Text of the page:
It’s a piece of the bigger picture. Leaders have to help people make those connections that they won’t naturally make on their own and see the eternal value in an ordinary task. Use active language that conveys the end goal. Give people something irresistible to be a part of and they’ll stick around through the nitty-gritty when they know the goal is something much greater and more eternal.
3. Once they are in a role, don’t just leave them there. Create a community of servants. Offer care, affirmation, and training.
There are 3 ways I’ve found to effectively accomplish this:
Build a team. This is not just a number of people filling slots. This is a group of people serving with a common purpose for a greater good. Get people on your team who get the vision, and are excited about it. And get them to invite their friends to be a part of it too. If you have a gap, it’s better to wait for someone who genuinely wants to be a part of the mission, rather than filling it with just anyone to cover the slot. Churches who build a strong sense of community for their teams, whether staff or volunteer, are going to get people who stick a lot longer and harder as a result.
Be flexible with their schedule, but don’t be afraid to keep expectations high. When you lower the expectations, you lower the value of the role. If you ask for a low level of commitment — that’s likely what you’ll get. And those are the volunteers who will be least connected to the church. Provide a variety of opportunities so people can ease into serving if needed, but don’t allow them to stay on the “easy track” for too long or you will eventually lose them. People want to feel like their time is valued and their contribution matters. So treat them that way.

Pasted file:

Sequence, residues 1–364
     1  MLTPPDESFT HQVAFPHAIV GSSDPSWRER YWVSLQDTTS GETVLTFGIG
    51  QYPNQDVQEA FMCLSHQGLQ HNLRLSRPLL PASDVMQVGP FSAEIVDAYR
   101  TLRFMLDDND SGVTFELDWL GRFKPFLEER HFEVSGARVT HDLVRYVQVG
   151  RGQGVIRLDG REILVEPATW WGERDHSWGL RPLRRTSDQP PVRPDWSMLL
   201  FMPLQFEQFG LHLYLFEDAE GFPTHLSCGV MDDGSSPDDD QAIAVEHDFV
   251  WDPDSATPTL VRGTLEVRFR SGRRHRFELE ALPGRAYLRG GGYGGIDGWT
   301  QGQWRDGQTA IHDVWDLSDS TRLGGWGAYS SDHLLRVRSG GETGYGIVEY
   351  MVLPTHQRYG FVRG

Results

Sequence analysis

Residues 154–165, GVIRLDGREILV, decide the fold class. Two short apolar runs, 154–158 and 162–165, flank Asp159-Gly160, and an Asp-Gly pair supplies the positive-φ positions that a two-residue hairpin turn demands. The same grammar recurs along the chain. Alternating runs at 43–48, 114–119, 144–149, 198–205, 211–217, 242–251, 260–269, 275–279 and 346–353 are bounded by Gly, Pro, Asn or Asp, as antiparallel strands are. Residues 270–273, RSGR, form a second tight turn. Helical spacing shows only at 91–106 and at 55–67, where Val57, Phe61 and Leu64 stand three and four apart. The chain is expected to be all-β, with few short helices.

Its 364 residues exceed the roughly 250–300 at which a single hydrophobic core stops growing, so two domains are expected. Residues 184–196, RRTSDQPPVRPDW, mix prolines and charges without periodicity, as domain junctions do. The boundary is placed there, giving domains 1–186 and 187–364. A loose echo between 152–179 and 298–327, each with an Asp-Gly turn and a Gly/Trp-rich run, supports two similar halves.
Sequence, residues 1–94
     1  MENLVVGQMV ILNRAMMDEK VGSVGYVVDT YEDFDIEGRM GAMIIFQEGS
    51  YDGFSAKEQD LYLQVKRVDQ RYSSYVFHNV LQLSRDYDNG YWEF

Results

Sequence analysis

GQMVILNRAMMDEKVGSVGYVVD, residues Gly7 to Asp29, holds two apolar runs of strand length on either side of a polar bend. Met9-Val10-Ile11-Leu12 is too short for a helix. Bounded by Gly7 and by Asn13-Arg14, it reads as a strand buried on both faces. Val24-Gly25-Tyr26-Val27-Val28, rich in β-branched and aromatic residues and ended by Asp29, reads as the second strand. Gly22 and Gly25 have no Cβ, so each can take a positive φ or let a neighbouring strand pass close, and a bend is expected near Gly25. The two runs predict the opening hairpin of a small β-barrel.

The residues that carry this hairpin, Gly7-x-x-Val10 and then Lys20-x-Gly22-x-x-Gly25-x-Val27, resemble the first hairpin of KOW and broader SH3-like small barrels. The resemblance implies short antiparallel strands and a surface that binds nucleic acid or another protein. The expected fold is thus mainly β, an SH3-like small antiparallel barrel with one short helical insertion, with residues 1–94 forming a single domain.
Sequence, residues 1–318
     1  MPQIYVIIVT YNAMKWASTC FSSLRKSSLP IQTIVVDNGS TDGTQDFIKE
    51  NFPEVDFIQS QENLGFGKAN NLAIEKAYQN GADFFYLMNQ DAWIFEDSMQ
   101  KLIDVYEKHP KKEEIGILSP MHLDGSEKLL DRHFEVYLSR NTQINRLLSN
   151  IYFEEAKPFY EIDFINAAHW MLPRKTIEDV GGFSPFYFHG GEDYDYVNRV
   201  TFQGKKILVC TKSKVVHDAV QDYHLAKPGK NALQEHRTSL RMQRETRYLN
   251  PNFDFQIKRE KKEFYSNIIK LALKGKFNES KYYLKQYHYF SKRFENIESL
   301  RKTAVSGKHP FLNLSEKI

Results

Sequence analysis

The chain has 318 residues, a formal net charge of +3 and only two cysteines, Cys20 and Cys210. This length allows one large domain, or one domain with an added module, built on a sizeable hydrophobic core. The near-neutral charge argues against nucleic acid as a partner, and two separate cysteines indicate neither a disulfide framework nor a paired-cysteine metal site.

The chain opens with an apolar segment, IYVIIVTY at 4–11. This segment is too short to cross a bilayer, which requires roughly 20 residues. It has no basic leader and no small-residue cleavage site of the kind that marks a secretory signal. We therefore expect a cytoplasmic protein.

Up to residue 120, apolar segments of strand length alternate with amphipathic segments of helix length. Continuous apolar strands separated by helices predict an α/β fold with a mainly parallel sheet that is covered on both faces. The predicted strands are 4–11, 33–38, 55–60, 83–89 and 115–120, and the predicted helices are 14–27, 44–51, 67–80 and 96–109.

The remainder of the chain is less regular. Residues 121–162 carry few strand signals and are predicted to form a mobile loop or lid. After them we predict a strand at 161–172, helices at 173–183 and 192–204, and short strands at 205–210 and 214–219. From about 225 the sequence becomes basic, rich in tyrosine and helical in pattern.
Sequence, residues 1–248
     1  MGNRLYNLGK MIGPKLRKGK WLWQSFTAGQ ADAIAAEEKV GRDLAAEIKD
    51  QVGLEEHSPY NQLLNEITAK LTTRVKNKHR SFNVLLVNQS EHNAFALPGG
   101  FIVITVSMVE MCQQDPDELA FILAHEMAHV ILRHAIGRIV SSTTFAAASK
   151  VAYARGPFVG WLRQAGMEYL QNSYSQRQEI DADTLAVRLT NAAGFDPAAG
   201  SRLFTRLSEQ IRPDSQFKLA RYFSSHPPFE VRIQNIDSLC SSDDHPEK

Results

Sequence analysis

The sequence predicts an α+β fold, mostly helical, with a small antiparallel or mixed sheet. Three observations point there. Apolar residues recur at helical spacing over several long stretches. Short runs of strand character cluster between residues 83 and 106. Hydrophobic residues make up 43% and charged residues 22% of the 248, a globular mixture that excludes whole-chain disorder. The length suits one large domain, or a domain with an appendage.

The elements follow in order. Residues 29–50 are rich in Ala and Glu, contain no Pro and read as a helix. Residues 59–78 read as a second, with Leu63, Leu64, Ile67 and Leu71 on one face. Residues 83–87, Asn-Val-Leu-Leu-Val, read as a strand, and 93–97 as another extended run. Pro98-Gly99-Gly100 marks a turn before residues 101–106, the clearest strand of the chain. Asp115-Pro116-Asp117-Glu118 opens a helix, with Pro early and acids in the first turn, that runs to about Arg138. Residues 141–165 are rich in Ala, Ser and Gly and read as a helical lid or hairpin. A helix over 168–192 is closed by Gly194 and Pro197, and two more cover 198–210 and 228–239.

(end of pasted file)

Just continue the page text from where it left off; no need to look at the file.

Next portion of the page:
Regularly connect them with others to celebrate and remind them they aren’t in it alone. We talk a lot about “celebrating the wins” on our staff. The best way to keep the mission in front of us is to regularly be reminded of the stories of life change and next steps of faith people are taking as a result of our ministry and leadership. The overall mood would be a lot different if we didn’t get that frequent reminder.
With my team of Small Group Leaders, I hold quarterly PowWows to POWer them up (provide training in small, concentrated doses) and Share the WOWs (celebrate the wins). It is infrequent enough that people are less likely to skip knowing there’s another one right around the corner. But often enough to keep them connected to their leaders and teammates, and reminded of the stories of growth and life-change happening in our ministry to keep everyone encouraged and on mission.
4. When we serve, we grow. Serving should never be a stagnant process. Keep building expectations and challenge people to continue growing through serving.
Encourage next steps at regular intervals. Create a DNA within your church where people are called to action — Believing, Inviting, Giving and Serving. Carey Nieuwhof, lead pastor of Connexus Church, says, “Christian service should be a paradox of renewal: when we give our lives away, we find them. When we serve, we grow.”
God designed us to contribute to His story. We, as leaders, need to relentlessly pursue people’s hearts with the vision before us to keep our ministries energized. That vision must provide clarity, carry value, and be repeated often to craft a culture of more than just volunteers — but servant-leaders, and as Nieuwhof says, “turn ordinary attenders into passionate champions of the mission.”